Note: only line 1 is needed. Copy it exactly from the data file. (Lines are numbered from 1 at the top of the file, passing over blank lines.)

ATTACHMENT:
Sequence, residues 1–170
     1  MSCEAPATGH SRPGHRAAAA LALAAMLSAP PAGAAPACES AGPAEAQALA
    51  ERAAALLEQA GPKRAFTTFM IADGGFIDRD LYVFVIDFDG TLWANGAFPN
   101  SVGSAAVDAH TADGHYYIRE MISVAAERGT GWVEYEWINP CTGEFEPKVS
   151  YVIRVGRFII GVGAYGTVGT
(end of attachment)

Sequence, residues 1–170